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Conservative crime correspondence

Mark Easton | 11:13 UK time, Tuesday, 9 March 2010

Letters just published show how the shadow home secretary, Chris Grayling, has been trying to rethink the Conservative election strategy on crime.

You may recall that he got into trouble with the statistics watchdog when he used dodgy data to suggest that violent crime had soared under Labour.

The UK Statistics Authority (UKSA) advised him to use the British Crime Survey (BCS) instead, a source which, irritatingly for Mr Grayling, suggests violent crime has fallen by more than 40% since 1997.

Now the UKSA has released correspondence from its chairman, Sir Michael Scholar, responding to letters from Mr Grayling.

We only get one half of the dialogue, but the replies are nevertheless revealing. The shadow home secretary has been having telephone conversations with the authority, trying to get agreement on what figures he can use without risking further rebuke.

In response, Sir Michael suggests that:

in order to meet your wish to ensure that you use reliable methodology in discussing recorded crime figures, you take sound professional statistical advice, and that the House of Commons Library is a good source of such professional advice

It is clear from this that Mr Grayling prefers to focus on police recorded statistics rather than the BCS. His difficulty has been that the method for collecting violent offences data changed radically in 2002, making direct comparisons of recorded crime before and after that time potentially misleading.

However, it appears he has not given up hope of finding a way around the problem and believes he has had some success with the Commons' advisors.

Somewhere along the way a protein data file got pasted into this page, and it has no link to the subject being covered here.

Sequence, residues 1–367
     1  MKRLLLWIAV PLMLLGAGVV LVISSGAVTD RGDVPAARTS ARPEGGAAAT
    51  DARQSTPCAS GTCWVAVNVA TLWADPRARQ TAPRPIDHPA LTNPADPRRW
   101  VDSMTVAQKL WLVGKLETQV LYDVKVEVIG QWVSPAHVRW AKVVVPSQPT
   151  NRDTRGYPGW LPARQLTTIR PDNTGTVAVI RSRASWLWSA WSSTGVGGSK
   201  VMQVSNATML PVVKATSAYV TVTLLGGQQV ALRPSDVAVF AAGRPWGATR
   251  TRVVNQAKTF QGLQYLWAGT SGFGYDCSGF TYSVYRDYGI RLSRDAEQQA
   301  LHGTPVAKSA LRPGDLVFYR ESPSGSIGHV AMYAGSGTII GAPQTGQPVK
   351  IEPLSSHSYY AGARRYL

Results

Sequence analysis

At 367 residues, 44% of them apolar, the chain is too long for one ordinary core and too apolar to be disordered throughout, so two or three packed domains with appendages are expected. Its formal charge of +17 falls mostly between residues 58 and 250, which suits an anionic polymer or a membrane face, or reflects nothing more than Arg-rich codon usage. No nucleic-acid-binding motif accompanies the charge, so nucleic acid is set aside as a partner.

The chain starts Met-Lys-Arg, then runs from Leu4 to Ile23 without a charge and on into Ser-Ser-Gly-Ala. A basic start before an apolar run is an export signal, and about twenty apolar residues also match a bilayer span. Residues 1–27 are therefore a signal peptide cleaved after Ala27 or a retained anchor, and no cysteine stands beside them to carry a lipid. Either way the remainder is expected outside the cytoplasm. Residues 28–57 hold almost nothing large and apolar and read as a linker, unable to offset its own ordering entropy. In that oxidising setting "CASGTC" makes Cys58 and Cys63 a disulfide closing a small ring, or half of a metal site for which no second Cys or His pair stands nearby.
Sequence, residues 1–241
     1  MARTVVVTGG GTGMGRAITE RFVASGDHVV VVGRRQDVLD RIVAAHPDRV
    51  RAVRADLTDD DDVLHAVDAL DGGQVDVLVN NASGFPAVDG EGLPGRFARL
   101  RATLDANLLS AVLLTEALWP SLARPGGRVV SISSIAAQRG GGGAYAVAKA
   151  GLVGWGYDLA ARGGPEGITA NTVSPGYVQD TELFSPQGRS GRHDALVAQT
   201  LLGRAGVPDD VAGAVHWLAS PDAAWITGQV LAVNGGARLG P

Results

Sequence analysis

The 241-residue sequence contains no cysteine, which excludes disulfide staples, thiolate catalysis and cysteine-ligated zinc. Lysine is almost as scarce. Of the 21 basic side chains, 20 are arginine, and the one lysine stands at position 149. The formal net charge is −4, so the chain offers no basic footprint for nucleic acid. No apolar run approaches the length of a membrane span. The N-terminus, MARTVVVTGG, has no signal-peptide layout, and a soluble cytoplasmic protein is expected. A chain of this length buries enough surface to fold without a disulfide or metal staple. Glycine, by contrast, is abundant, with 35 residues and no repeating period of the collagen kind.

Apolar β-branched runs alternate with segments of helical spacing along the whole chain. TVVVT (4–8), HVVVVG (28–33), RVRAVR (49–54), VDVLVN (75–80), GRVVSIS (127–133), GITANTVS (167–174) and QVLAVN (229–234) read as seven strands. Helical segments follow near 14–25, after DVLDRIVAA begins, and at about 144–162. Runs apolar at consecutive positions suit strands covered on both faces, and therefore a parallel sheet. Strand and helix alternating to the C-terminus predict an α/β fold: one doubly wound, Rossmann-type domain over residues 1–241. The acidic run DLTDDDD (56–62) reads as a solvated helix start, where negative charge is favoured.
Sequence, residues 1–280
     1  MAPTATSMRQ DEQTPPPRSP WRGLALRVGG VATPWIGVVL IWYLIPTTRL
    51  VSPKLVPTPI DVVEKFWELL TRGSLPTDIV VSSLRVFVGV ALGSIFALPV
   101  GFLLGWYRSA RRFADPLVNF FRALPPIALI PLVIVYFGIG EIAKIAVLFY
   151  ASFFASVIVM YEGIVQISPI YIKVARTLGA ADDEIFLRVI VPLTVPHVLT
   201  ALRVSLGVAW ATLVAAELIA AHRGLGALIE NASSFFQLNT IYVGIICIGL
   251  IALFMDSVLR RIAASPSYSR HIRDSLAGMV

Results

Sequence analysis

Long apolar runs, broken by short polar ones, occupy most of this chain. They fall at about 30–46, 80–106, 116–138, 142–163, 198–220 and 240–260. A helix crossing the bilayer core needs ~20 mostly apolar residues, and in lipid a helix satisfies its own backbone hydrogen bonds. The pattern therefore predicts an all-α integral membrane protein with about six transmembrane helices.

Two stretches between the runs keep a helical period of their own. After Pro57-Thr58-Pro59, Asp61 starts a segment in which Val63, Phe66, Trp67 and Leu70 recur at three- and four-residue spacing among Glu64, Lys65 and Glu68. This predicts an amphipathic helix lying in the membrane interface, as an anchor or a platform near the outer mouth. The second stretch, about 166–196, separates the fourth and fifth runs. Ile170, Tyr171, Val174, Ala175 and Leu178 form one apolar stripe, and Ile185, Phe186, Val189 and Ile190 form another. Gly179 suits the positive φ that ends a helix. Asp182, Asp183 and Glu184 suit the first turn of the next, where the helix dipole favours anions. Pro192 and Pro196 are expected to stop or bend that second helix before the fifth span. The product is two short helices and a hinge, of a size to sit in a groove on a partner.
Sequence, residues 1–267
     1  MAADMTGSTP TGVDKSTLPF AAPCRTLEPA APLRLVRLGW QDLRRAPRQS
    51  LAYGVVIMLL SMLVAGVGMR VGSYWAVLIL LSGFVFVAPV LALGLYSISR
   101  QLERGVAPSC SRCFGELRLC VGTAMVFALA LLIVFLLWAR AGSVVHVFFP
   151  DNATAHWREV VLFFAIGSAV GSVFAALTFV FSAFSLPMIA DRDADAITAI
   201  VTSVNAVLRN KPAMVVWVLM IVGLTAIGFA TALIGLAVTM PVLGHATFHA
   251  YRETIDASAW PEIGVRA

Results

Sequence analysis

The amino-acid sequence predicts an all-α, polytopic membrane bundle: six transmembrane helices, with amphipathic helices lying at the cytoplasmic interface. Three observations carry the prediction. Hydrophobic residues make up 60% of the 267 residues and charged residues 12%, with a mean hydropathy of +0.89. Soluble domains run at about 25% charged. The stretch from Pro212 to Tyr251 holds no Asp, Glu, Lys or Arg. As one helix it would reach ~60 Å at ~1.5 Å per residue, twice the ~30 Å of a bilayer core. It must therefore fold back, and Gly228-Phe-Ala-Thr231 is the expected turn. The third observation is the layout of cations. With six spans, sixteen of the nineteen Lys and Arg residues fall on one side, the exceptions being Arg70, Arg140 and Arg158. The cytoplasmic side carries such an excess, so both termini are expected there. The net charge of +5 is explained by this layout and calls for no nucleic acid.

In response to another letter from Mr Grayling, Sir Michael writes:

You asked me to confirm that there will be no further intervention from the Authority if you make public the views expressed in your letter, based, as you record them to be, on advice from the House of Commons Library.

However, the authority's response to Mr Grayling's question is not one that would be welcomed by any campaign team hoping for a simple slogan to suggest increased violence under the incumbent government.

On some issues - including violent crime - there are several series of statistics which attempt to measure the same phenomenon using different methodologies, and which can sometimes produce results which appear to point in different directions. In such cases, the selective quotation of one without regard to the other could prove misleading, and a balanced presentation of an inevitably complex case would refer to all available statistics, and the uncertainties and ambiguities which they sometimes reveal.

A Conservative poster with the legend "MUGGINGS UP" would have to include a caveat along the lines of "...or quite probably down, depending on which figures you look at".

As if to make the political campaigner's life even more difficult, Sir Michael again stresses that the best measure for violent crime trends is the one that shows it falling.

He writes that:

a more balanced commentary on national trends in violent crime would, in the view of the Authority, also make reference to the estimates given in the British Crime Survey, which in our view provide a more reliable measure of the national trend over time

Sir Michael ends by writing that the Authority won't criticise Mr Grayling's stats "unless we judge it clearly necessary... to prevent damage to trust in official statistics". The shadow home secretary may find this less than entirely reassuring, given the UKSA's warning that "selective quotation" might well be deemed "misleading".

It could be argued that political campaigns have always been about "selective quotation". Candidates see themselves not as judges summing up a case, but as barristers using the best available evidence to prove that the other lot are hapless and hopeless. The idea that political parties should try to portray "a more balanced commentary on national trends" will be hard for some to take. Sir Michael's words could have implications for the eager campaign teams of any party looking to use official statistics.

PS: It's been revealed this morning that the Conservatives believe the House of Commons Library research demonstrates that violent crime has risen 44% under Labour, but the government continues to dispute the accuracy of the claim.


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